''It may have happened already,'' he said.
Within the past day 3 new cases of SARS have been identified in India.
The Health Ministry has confirmed three more cases of SARS in India, which takes the total number in the country to seven. Of the three freshly confirmed cases, one is being treated in Kasturba Hospital, Mumbai, the second in Apollo Hospital, Kolkata and the third in Naidu Hospital, Pune.
If it was my decision to make I'd order the cessation of all commercial passenger flights between East Asia and the countries of the Indian subcontinent and Africa. Those countries do not have the capacity to contain SARS. They are too poor and most of their populations have little or no access to modern health care facilities.
Poor countries in the Indian subcontinent such India are unwilling to take sufficiently drastic steps to stop SARS in advance of a major SARS outbreak in their region. This is foolish. They lack the infrastructure needed to control SARS. As a result, the industrialized countries will have to adopt very rigorous measures at borders and ports of entry to detect SARS carriers because SARS is going to become endemic in much of the world. Thermal imaging and testing for SARS in all arriving and departing passengers will have to become routine at all ports of entry.
Reliable, accurate, and cheap DNA-based Real-Time Polymerase Chain Reaction (RT-PCR) SARS tests are the greatest hope the industrialized countries have for controlling SARS in a way that minimizes the economic impact. An ideal test would be able to use sputum so that a nurse would not be needed to draw blood. To allow testing of large volumes of business travellers an ideal testing device would need to be automated and have a high thru-put rate.
If all SARS carriers could be identified among international travellers even before they boarded aircraft to fly to a SARS-free country then regular business and holiday travel between SARS-free countries could proceed as normal. Also, anyone willing to risk going to an area where SARS is present would not need to be quarantined on return. Patterns of business meetings could be shifted to allow people from SARS-infected areas to travel to SARS-free areas to facilitate customer-supplier meetings. Then people in low risk areas would not have to travel to high risk areas to do business with the high risk areas.
If Taiwan could develop large-scale DNA-based SARS testing systems and use them to make Taiwan SARS-free then Taiwan could gain an advantage by making Taiwan as a place where mainland Chinese businessmen could travel to meet with businessmen from other parts of the world to do deals. Everyone coming to Taiwan could be tested before and on arrival for SARS virus. That way SARS carriers could be kept out. Business could be done in a safe environment fairly close to China. This would reduce the economic disruption that SARS is causing.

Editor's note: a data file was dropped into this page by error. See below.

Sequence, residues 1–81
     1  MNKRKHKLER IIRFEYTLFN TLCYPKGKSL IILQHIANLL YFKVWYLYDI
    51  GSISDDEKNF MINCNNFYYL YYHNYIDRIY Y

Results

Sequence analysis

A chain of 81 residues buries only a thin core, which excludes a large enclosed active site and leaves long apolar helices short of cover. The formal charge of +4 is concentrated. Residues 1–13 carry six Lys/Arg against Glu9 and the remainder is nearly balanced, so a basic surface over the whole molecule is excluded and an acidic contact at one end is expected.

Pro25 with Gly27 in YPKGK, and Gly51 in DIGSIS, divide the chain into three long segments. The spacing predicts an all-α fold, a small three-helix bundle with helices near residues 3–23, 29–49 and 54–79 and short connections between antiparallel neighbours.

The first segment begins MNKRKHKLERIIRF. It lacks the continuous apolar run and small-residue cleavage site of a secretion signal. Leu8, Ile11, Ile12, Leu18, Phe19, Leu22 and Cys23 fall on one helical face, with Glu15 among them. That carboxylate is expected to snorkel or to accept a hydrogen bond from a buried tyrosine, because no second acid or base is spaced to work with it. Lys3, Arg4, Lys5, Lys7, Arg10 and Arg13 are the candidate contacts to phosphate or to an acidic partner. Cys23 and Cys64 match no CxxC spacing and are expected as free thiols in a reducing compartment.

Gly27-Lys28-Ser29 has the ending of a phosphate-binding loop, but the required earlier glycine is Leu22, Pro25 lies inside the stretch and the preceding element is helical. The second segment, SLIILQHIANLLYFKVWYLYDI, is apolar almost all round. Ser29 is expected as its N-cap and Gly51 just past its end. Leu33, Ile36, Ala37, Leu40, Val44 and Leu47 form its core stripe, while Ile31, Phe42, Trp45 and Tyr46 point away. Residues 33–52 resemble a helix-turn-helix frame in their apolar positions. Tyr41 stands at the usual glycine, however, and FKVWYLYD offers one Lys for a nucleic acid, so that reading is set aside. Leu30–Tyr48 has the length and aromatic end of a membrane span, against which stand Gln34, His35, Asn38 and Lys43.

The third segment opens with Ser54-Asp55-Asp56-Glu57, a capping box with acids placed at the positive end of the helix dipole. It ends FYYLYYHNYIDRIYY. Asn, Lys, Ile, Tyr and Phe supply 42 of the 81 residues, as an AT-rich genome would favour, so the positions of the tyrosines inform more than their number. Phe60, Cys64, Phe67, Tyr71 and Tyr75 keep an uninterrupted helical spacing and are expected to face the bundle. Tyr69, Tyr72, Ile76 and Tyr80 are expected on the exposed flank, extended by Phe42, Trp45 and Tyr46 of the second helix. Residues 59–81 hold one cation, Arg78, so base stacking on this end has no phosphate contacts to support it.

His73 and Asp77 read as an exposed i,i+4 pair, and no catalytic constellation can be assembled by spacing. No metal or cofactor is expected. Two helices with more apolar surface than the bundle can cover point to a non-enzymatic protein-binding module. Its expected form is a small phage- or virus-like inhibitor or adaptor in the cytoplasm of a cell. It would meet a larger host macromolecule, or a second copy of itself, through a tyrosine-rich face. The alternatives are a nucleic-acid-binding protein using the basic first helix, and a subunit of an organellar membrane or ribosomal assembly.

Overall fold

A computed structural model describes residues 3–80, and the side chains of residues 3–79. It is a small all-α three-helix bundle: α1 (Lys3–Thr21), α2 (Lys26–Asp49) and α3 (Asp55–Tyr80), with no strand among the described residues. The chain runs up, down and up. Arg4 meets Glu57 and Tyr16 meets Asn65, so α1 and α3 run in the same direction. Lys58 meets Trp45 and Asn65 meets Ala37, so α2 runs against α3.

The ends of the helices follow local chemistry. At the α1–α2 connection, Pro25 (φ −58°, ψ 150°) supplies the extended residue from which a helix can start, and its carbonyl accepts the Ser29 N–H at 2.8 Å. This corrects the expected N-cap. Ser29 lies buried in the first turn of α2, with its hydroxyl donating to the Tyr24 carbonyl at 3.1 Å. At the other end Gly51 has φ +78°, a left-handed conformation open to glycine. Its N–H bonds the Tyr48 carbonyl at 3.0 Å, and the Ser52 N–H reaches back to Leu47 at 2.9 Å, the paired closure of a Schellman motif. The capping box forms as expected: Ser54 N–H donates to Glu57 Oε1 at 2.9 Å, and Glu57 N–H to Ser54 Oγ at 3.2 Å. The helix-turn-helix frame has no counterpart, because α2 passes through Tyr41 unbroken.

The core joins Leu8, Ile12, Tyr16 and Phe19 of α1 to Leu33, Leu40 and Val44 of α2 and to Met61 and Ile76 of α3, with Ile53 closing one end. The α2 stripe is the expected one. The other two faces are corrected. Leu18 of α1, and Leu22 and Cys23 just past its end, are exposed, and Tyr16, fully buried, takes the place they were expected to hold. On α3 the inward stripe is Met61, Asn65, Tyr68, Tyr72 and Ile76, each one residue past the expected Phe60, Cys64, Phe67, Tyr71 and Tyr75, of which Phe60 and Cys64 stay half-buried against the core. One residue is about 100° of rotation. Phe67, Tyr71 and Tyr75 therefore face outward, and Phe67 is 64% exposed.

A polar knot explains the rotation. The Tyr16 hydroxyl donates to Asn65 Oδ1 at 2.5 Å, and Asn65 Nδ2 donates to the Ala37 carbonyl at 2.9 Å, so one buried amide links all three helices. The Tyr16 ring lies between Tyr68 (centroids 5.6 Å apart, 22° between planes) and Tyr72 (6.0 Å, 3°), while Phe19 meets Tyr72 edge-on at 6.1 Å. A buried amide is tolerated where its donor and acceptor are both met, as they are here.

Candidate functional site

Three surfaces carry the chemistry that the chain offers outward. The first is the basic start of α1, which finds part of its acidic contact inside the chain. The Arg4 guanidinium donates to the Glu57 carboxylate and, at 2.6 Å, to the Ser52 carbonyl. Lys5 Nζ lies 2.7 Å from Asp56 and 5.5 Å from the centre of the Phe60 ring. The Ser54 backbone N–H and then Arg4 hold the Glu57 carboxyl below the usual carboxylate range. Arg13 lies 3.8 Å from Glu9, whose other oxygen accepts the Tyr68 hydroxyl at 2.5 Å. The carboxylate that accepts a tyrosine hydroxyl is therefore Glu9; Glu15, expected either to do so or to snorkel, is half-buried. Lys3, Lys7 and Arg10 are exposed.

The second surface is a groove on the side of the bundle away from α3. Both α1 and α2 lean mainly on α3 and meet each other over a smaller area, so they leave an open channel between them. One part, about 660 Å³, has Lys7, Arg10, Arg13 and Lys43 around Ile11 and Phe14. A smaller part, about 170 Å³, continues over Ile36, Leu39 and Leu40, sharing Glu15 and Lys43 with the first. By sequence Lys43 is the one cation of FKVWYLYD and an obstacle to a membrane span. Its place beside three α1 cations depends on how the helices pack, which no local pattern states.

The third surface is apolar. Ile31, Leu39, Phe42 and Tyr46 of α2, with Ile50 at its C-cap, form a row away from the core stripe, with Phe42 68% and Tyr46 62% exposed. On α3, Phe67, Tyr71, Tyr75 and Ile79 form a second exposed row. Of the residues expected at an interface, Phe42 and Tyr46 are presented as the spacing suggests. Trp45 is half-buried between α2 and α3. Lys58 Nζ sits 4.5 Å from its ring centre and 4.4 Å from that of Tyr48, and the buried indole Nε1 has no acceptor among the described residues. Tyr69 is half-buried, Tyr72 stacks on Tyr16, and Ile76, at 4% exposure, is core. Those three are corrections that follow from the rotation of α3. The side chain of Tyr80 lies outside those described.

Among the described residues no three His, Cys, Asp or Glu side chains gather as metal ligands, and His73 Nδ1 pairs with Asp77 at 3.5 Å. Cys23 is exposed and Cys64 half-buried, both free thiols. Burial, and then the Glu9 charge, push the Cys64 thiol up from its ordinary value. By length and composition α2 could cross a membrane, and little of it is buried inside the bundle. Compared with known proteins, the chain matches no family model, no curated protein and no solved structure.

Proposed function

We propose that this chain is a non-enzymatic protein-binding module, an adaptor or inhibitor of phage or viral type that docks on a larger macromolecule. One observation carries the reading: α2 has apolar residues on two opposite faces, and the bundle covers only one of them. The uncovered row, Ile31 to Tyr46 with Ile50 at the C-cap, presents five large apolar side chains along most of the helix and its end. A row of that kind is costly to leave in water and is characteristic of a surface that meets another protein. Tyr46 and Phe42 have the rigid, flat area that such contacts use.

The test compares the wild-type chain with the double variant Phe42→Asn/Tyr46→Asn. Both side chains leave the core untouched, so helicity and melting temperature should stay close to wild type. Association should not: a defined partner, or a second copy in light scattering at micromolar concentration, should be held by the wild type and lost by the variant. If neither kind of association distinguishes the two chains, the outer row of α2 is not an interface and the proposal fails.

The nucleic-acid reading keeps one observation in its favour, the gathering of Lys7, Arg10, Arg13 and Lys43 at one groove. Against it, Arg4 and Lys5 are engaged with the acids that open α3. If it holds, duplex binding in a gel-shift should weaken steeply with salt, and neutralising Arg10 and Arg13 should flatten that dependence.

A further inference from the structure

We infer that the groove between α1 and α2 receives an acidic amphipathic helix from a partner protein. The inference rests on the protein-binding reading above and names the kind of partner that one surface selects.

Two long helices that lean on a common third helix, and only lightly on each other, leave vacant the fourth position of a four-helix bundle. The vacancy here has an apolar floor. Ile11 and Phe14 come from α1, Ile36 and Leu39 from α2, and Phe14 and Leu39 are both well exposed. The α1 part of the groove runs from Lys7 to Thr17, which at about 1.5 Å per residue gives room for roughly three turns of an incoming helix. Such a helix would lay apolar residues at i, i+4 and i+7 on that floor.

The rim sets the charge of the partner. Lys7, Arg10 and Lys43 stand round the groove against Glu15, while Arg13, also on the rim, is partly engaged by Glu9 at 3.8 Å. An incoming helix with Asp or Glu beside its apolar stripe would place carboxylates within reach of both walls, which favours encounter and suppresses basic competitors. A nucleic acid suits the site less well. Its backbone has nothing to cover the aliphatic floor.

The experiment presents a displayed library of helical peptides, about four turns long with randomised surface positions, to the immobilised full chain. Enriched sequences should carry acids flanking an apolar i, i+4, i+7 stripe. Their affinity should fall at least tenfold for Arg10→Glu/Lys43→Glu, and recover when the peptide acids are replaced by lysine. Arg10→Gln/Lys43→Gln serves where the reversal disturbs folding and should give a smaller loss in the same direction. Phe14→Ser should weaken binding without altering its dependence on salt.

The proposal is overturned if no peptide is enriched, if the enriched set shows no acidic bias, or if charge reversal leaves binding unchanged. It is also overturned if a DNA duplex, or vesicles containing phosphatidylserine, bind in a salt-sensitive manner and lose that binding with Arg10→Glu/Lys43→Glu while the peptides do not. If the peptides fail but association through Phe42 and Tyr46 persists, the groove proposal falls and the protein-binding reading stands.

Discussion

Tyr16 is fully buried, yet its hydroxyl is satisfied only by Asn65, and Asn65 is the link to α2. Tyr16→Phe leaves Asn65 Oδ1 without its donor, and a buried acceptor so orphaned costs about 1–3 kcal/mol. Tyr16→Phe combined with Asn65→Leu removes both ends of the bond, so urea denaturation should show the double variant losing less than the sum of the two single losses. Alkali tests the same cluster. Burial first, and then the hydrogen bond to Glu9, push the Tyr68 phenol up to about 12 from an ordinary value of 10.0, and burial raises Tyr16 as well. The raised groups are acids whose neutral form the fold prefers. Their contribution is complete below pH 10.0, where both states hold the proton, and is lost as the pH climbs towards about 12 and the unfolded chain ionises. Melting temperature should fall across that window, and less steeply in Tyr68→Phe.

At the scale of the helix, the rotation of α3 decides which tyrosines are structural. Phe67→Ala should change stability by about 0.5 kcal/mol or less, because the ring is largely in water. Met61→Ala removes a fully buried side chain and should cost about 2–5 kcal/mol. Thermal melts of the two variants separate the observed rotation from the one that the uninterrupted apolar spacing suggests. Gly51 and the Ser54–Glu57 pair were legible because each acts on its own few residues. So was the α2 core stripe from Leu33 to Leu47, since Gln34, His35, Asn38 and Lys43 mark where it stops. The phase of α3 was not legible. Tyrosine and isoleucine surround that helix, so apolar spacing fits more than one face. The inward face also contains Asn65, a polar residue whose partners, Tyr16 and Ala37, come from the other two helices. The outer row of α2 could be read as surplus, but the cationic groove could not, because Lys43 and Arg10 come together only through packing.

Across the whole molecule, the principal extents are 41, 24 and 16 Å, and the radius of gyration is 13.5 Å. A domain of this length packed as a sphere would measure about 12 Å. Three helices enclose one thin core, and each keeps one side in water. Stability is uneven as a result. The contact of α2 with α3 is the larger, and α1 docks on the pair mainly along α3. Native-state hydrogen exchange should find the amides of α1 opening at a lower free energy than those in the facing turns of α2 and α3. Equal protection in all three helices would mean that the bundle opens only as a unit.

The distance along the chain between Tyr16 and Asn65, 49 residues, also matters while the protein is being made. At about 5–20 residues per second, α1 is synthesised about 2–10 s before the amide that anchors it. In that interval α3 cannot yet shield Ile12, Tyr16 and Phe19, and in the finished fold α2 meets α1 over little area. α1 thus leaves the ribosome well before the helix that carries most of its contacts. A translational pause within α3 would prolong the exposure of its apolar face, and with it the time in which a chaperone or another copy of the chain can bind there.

There are countries that are willing to take drastic steps. For instance, in order to keep out new cases of SARS Vietnam may close the 800-mile border it has with China.
Vietnam's northern Quang Ninh province, home of the Halong Bay tourist attraction, began barring Chinese tourists at its land border gates and waterways. Hanoi's health ministry has recommended the country seal all its borders with China indefinitely.
Countries that lack the capacity to fight SARS should be willing to close their borders to visitors from countries which have SARS cases.
The New York Times has an excellent long article that traces the spread of SARS. While China made huge mistakes in its handling of the crisis Singapore shines as a textbook example of how to aggressively quarantine and isolate potential SARS carriers.
But even in a small country, placing thousands on quarantine has been a strain. Last Monday, after a case of SARS was discovered in a vendor at Singapore's largest vegetable market, the Ministry of Health ordered all 2,400 food sellers to report for quarantine, up from a total of 467 quarantined before. Since 80 percent of the country's vegetables pass through the Pasir Panjang Market, restaurants were bracing for a shortage of greens.
Hong Kong has done a much worse job than Singapore in protecting health care workers.
In Singapore, with its aggressive system of identifying and isolating SARS patients, no health care worker has been infected for over three weeks. But in Hong Kong, 2 to 10 doctors and nurses are falling ill each day, in part, health officials there say, because doctors are still not identifying them as SARS victims early enough and are admitting them to ordinary wards.
Only recently -- weeks, if not months, after SARS hit -- have officials in China and Canada begun cordoning off entire buildings containing infected patients. Physicians such as Abraham Verghese say that slow response permitted the deadly virus to infect many others in their own countries and beyond. "The lesson of Hong Kong, China and, to some degree, Singapore is if you don't aggressively isolate, this thing can get out of hand," said Verghese, director of the Center for Medical Humanities and Ethics at the University of Texas Health Sciences Center at San Antonio.
Its apparent incubation period of two to 10 days is long enough for infected people who are asymptomatic to travel "from one city in the world to any other city having an international airport".
SARS is most likely a coronavirus. Other known coronaviruses can survive on surfaces for 24 to 48 hours.
Research done decades ago showed that the type of coronaviruses that cause many colds can remain viable on surfaces for 24 to 48 hours, depending on air temperature and humidity.
How long do coronaviruses survive in the environment?